Blocking adenosine A 2A receptor reduces peritoneal fibrosis in two independent experimental models Academic Article uri icon

abstract

  • Long-term peritoneal dialysis (PD) is associated with peritoneal fibrosis and loss of function. It has been shown that activation of the adenosine A(2A) receptor (A(2A)R) promotes tissue repair, wound healing and extracellular matrix (ECM) production. We have previously shown that adenosine is a potent regulator of inflammation in the peritoneum. In the current study, we explored the role of adenosine and the A(2A)R in two experimental models. Collagen deposition was evaluated in primary peritoneal fibroblasts following treatment with an A(2A)R agonist and antagonist. In addition, peritoneal fibrosis was induced by i.p. injection of either chlorhexidine gluconate for 2 weeks or 4.25% glucose peritoneal dialysis fluid (PDF) for 1 month. The development of fibrosis was compared between wild-type (WT) and WT mice treated with caffeine (an A(2A)R antagonist) in drinking water or between (A(2A)R(+/+)) mice and A(2A)R-deficient mice (A(2A)R(-/-)). Adenosine or the A(2A)R agonist CGS21680 stimulated collagen production by peritoneal fibroblasts in vitro and A(2A)R antagonists (ZM241385 and caffeine) blocked this effect. Consistent with these results, caffeine-treated WT or A(2A)R(-/-) mice had reduced submesothelial thickness, collagen deposition and mRNA levels of fibroblast-specific protein (FSP-1) and connective tissue growth factor (CTGF). In addition, treatment with caffeine in vitro and in vivo diminished A(2A)R and A(2B)R mRNA levels induced by CG or PDF while it upregulated A(1)R levels. Our data suggest that adenosine through its A(2A)R promotes peritoneal fibrosis and therefore should be considered as a target for pharmacological intervention.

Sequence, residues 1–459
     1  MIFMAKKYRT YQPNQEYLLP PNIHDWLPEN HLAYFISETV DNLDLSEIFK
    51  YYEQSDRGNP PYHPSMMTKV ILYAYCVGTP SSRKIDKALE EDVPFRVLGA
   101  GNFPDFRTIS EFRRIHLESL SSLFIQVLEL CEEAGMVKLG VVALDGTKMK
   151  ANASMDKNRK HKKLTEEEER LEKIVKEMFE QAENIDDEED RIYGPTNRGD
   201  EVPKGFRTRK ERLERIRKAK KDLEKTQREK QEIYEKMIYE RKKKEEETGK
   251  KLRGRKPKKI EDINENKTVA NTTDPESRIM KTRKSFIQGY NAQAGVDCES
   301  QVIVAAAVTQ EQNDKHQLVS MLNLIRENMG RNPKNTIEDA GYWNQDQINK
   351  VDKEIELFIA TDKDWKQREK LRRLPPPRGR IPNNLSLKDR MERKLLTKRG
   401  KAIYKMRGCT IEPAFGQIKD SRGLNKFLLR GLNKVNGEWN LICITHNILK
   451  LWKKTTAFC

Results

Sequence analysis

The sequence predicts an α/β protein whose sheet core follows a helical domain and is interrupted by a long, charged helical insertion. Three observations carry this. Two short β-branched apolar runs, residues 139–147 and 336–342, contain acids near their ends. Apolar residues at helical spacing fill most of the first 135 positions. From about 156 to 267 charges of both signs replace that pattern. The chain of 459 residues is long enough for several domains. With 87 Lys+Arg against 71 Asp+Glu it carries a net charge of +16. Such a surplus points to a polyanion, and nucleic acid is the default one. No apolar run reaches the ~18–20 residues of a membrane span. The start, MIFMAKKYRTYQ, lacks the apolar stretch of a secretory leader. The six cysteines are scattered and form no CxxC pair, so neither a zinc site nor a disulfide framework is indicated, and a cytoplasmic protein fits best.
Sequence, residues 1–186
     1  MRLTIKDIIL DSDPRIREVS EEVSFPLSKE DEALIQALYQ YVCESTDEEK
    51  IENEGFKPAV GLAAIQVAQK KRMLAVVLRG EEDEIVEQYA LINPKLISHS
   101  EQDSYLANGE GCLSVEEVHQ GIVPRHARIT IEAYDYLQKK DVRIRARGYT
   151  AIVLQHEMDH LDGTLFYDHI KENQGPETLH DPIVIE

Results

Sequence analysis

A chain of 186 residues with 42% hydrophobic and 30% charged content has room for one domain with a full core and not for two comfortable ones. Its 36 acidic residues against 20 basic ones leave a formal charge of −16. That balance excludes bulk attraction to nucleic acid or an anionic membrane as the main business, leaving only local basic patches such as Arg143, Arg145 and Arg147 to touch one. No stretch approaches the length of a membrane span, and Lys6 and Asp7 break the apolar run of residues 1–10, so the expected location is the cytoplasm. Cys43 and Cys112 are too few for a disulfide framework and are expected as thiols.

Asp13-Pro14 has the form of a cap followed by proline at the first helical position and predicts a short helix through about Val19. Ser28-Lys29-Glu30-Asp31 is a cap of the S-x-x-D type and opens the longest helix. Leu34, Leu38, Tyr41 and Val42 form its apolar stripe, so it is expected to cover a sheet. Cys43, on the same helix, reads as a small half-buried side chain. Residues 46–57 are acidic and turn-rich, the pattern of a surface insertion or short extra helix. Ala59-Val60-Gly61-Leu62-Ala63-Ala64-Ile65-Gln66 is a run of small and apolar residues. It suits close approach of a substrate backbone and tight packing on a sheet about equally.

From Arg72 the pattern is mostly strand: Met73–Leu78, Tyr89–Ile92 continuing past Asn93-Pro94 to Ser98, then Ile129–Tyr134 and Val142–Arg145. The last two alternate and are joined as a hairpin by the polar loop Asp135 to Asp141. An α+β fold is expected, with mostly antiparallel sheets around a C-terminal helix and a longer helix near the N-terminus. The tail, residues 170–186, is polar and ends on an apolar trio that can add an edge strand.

publication date

  • January 1, 2009